Drastic pension overhaul biggest in state history

Changes most sweeping in state’s history in effort to avert drastic cutbacks.

COLUMBUS — The looming changes to Ohio’s four largest public employee retirement funds represent the most sweeping pension overhaul in state history and the first time that 1.7 million government workers and retirees would see significant cuts to their pension benefits.

Retirees will see their cost of living allowances cut and workers will be told to put in more years, pay more money into the system and accept a lesser benefit at the end of a long career, if the bills become law.

Pension officials, who have been begging lawmakers to take action for nearly three years, say the changes are needed to shore up their finances for the long haul and to allow them to avert drastic cutbacks in health care benefits for current and future retirees.

Stock market losses, people living longer, generous benefits and crushing health care costs are driving the need for reforms. Without changes, the systems would eventually run out of money to issue monthly pension checks.

And more immediately, without changes, Ohio Public Employees Retirement System would slash its annual spending on retiree health care to $500 million.

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The spending cuts, from $1.6 billion, would begin in 2014, said OPERS Executive Director Karen Carraher.

“No one is extremely happy with all the changes, especially those affecting them. However, most retirees understand the STRS’ financial situation. And they are accepting and supporting the proposed plan,” said Ann Hanning, executive director of the Ohio Retired Teachers Association, which has 30,000 members. “We know that some things must change and the sooner, the better for all members of the system.”

The five pension systems are: Public Employees Retirement System, State Teachers Retirement System, Schools Employees Retirement System (non teachers), Ohio Police and Fire Pension Fund and the Highway Patrol Retirement System which is not impacted by the reform bills.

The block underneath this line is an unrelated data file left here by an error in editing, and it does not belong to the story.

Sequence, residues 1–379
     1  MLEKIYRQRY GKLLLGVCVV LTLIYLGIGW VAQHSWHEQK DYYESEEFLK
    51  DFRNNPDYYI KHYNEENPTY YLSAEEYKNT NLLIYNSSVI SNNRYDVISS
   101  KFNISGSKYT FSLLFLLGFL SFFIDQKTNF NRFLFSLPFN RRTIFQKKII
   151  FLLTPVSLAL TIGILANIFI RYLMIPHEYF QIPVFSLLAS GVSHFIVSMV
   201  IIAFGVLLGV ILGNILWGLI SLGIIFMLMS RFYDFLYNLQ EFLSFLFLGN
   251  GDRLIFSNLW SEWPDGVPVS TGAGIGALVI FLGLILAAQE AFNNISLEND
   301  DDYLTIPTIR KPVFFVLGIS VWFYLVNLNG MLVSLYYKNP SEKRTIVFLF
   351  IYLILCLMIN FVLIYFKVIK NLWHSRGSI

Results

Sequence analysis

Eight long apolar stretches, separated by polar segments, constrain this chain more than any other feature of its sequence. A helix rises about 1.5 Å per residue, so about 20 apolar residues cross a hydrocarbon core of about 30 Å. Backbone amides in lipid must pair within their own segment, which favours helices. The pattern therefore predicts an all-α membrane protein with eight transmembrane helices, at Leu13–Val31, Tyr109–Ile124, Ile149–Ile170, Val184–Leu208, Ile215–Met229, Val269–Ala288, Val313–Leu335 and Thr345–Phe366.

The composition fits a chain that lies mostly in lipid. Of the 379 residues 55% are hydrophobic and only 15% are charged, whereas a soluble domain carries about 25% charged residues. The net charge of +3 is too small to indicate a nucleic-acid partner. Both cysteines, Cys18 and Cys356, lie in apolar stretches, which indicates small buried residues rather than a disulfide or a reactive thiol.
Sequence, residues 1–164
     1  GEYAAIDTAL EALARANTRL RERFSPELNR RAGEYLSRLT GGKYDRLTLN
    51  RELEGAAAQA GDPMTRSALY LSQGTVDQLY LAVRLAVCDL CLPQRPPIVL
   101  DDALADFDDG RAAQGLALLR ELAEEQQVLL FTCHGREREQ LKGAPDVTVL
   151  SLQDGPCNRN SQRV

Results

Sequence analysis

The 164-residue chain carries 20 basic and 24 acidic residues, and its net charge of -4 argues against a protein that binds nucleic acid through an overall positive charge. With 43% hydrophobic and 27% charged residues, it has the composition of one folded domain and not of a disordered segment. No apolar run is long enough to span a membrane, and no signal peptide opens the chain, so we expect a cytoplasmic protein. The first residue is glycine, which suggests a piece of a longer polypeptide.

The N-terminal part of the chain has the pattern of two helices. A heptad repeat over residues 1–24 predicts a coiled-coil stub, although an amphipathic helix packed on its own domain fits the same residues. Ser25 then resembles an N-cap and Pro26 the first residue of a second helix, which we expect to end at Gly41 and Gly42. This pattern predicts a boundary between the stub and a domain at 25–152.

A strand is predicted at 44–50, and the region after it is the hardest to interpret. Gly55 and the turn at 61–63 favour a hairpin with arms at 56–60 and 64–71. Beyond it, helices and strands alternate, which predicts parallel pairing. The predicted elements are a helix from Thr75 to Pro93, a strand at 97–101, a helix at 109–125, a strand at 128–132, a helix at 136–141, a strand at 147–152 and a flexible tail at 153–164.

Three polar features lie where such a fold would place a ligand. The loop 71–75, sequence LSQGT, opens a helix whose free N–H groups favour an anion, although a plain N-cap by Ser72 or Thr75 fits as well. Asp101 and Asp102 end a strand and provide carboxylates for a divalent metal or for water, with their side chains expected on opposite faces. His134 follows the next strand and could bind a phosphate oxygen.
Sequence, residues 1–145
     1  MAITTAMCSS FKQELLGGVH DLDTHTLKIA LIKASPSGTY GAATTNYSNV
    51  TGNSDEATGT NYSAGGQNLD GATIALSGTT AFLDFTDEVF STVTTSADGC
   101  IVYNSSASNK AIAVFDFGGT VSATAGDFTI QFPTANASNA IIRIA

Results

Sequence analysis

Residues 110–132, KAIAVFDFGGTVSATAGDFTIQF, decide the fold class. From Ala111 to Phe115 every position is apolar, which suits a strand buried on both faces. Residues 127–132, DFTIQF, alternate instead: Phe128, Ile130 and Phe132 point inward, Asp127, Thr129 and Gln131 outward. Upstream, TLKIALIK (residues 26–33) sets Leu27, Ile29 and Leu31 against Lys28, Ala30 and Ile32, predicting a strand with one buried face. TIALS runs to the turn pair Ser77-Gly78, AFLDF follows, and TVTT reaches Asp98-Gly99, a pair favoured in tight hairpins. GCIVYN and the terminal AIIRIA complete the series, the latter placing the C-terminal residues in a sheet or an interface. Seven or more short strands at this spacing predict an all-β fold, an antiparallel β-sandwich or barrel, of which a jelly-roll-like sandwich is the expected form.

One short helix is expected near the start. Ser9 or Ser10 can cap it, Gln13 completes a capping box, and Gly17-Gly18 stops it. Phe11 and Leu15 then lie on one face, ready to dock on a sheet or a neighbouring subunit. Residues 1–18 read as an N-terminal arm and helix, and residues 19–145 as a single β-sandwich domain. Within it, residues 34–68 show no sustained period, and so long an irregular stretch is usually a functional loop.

The bills would require active teachers to contribute 14 percent of their pretax income to the retirement plan, up from the current 10 percent.

A teacher making $60,000 would have to plan for $2,400 per year less once the change was fully phased in.

“Are they thrilled about it? Probably not,” said Centerville High School math teacher Brian Cayot, who leads the district’s teachers’ union. “But they understand that it’s a necessary evil in order to have your retirement there at the end.”

Cayot said some teachers are frustrated by a proposal that would push retirement eligibility back at least five years, to age 60 after 35 years of service.

But he said many teachers just want the state to come up with a system and stick to it so they can make a plan, after years of varying proposals have left them guessing.

Ohio Senate President Tom Niehaus, R-New Richmond, and Senate Minority Leader Eric Kearney, D-Cincinnati, introduced four pension reforms bills, one for each of the four largest systems. Niehaus said he hopes the bills will go to the Senate floor for votes this week.

The bills are likely to stall in the Ohio House where key members are urging their colleagues to wait for a consultant’s report to double-check the numbers and changes being pitched by the pension boards. State Rep. J. Kirk Schuring, R-Canton, a member of the Ohio Retirement Study Council, said, “I think we should do something this year. Hopefully, we’ll be on the same page and on the same path sometime later this year.”

Lawmakers are scheduled to recess from June through the November election. The House may take up pension reform after lawmakers return in November.

How do funds work?

Like most states, Ohio’s public pensions are defined benefit systems. The pension benefit is based on age, years of service, final average salary and it is guaranteed, regardless of how well invested contributions performed over the course of the worker’s career. Defined contribution plans, such as 401(k) funds, are more common in the private sector. The employer and worker contribute to a fund over the years but the amount in the retirement nest egg when the career ends isn’t guaranteed.

Public employees in Ohio do not participate in Social Security.

Some fiscal conservatives are disappointed that lawmakers aren’t pushing for a switch to a defined contribution plan or a mandatory hybrid between the two types of plans.

“By many measures, the retirement benefits received by government workers in Ohio, on average, are more generous than those received in the private sector,” said Andrew Schwiebert of the Buckeye Institute, a conservative public policy think tank. He told state senators that Ohio could save $3.3 billion during 30 years by establishing a defined-contribution plan.